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Lawdy Mama by Barkley L. Hendricks

Black Refractions, found on the top floor of the Gibbes Museum of Art in Charleston, SC, opens strong with a portrait painted by Barkley L. Hendricks in 1969. Set against a navy wall, the painting Lawdy Mama portrays a young African-American woman, encircled by a gold leaf background and window shaped frame. The treatment intentionally evokes religious symbolism typical of Byzantine holy figures blended with the gaze of women from the Black Power movement of the 1960s. This entrance is at once powerful and masterfully painted, setting the tone of the show which features 72 artworks from 60 artists of African descent created from the 1930s to the present.

Black Refractions: Highlights from The Studio Museum in Harlem
The Gibbes Museum of Art
Charleston, SC
May 14- August 18, 2019

The exhibition is on loan from The Studio Museum in Harlem who has arranged for their collection to travel while the institution’s space in Harlem undergoes renovations. Founded in in 1969 with the goal of a providing a central place for the exhibition and discussion or artwork by artists of African descent and work inspired by black culture, The Studio Museum has grown to collect and exhibit some of today’s most acclaimed contemporary artists, positioning itself as a nexus for discovery and discussion.

The Gibbes Museum of Art in Charleston, SC

The story of the Gibbes Museum is much different, once so restricted membership was by invitation only; however, this is a history the museum is working to amend. Recent years have shown a concerted effort by the institution to be more representative of the full population of Charleston in both their collection and exhibitions.

As such, Black Refractions directly confronts issues of race, power, and identity particularly relevant to the Southern region. Themes of representation and identity prevail throughout the exhibition in a variety of mediums ranging from sculpture to photography and even tapestry.

Kehinde Wiley, The Gypsy Fortune-Teller, 2007

Notably, the hanging textile The Gypsy Fortune Teller by Kehinde Wiley revisits techniques similar to Hendricks’ painting by employing contemporary young African American figures in a composition mimicking an eighteenth-century French tapestry.  Though the composition and ornate backgrounds are borrowed from the traditional work, the subjects are presented in contemporary urban clothing and offer a stark contrast to the imagery typically expected of such tableaus.  Although created almost forty years apart, both works by Wiley and Henricks bring attention to the lack of representation of people of African descent throughout art history.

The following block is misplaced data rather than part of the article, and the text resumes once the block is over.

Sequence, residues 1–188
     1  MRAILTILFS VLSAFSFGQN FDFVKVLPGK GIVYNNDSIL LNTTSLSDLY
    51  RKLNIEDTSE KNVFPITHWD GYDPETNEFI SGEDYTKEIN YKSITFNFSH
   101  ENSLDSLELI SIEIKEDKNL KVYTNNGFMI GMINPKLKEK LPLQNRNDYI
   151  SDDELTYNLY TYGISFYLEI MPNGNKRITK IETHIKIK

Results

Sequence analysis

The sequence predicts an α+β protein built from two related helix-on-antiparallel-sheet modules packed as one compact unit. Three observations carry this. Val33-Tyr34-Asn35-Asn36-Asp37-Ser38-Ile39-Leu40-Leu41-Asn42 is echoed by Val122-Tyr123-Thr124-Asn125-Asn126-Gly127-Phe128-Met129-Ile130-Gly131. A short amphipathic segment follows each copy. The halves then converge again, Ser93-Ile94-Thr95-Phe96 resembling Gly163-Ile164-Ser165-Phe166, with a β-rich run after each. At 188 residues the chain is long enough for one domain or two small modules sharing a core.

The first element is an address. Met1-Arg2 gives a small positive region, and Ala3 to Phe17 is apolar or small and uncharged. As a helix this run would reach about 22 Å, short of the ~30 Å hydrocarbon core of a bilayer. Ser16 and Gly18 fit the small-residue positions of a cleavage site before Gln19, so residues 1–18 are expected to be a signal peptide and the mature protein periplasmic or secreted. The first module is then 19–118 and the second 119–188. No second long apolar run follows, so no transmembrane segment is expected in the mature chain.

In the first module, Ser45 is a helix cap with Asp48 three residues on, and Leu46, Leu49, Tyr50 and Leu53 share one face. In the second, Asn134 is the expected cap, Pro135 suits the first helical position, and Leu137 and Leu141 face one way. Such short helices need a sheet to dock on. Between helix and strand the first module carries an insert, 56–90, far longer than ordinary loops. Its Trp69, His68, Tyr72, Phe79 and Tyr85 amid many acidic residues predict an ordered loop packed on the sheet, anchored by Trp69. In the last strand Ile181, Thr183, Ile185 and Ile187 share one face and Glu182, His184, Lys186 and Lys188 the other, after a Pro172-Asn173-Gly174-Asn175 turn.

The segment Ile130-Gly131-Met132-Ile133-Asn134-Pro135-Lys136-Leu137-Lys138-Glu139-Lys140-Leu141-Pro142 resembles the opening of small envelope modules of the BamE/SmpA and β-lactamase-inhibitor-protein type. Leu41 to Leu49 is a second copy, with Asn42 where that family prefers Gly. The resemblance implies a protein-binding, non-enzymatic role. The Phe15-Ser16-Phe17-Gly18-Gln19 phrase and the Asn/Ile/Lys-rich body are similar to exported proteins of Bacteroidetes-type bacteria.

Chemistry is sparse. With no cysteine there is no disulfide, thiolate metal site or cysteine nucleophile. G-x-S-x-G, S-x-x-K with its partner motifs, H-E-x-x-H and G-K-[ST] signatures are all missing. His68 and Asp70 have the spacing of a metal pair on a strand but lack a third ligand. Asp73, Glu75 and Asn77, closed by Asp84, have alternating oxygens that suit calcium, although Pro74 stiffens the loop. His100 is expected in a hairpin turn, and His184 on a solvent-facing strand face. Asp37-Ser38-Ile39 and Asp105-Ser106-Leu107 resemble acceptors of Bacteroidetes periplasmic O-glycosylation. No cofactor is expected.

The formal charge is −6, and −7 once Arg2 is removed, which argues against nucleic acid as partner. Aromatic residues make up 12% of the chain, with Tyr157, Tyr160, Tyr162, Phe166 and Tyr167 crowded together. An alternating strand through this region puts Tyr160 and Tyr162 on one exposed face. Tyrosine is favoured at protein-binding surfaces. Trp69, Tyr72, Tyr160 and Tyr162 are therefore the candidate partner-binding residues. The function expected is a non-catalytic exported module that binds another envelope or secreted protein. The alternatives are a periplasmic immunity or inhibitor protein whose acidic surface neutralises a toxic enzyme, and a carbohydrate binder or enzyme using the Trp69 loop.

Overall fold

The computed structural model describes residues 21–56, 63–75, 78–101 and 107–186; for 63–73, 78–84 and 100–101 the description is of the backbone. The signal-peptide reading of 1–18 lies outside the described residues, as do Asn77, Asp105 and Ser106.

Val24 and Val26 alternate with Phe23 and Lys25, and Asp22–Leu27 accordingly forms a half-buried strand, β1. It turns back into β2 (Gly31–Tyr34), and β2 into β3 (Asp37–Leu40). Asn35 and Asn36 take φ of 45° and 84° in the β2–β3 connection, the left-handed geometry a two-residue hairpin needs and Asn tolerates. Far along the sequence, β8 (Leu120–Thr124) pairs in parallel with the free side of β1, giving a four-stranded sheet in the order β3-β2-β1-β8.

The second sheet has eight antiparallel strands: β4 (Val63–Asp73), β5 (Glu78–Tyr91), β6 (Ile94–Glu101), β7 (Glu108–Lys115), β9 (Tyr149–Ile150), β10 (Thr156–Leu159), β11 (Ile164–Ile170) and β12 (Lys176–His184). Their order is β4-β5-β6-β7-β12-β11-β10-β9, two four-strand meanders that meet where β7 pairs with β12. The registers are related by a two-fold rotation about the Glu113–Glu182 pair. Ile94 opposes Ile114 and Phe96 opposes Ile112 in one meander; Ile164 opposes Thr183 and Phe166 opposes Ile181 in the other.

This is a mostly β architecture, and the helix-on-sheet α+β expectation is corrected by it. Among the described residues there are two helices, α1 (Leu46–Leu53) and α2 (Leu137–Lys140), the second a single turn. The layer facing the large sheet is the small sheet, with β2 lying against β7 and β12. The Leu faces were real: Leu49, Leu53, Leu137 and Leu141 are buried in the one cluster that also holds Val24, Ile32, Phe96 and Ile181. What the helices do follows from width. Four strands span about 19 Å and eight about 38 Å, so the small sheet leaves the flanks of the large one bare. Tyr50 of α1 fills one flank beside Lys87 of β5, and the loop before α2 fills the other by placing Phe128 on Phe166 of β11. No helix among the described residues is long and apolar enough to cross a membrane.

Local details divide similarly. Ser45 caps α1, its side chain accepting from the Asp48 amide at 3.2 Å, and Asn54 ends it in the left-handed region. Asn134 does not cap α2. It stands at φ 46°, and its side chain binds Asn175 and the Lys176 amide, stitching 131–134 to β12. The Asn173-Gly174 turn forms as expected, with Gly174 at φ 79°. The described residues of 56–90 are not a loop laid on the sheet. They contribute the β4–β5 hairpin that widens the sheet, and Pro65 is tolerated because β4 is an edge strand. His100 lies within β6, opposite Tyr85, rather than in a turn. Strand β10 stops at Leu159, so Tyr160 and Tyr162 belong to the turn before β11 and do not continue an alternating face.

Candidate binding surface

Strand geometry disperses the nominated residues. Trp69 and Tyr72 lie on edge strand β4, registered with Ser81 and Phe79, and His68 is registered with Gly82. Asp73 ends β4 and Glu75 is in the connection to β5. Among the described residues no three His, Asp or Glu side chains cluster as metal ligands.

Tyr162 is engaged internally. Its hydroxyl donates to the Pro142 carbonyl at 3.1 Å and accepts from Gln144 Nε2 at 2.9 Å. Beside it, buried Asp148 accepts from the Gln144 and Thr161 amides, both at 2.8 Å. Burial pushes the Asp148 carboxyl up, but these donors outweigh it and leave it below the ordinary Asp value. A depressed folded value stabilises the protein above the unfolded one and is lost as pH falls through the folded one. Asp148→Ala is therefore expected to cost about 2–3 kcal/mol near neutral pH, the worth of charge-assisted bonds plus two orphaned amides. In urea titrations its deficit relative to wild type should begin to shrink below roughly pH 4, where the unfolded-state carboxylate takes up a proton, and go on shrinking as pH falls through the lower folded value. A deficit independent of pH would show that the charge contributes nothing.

The show, presented in a non-linear format, does not, however, focus solely on the portrayal of African Americans in the history of art but also their larger contributions to the canon overall.

A 1981 collage by Romare Bearden depicts and intimate look at daily life, while the poured painting Blond Betsy by Frank Bowling offers a nuanced and formal approach to form and color theory.

Frank Bowling, “Blonde Betsey” 1976

The eye-catching neon light work Give Us a Poem by artist Glenn Ligon closes the show presenting the words “Me We” in alternating illuminated flashes.  The succinct yet eloquent phrase is borrowed by Ligon from Muhammed Ali’s response when asked to give the audience a poem at Harvard University in 1975.

Glen Ligon, Give Us a Poem, 2007

Give Us a Poem not only speaks to the experience of personal and collective identity, but also directly relates to the museum’s education initiative that makes the presentation of Black Refractions unique to the Gibbes. In collaboration with the exhibition, Charleston-area high school students were asked to submit their own original poetry in response to a specific artwork in the show.  These texts are exhibited alongside each work giving Charleston’s youth an opportunity to explore and engage with the works on a significant and personal level.

The exhibition and artwork shine in an institution and city rife with a rich and complicated African American history.  The show presents the expression and ideas of black artistic production not typically represented in historical southern institutions, and the viewpoint is undoubtedly refreshing.  The true strength of Black Refractions, however, lies beyond the context of the exhibiting institution and excels primarily due to the caliber of the artists and artworks presented– reminding all viewers that great art is ultimately inclusive of the greater human experience.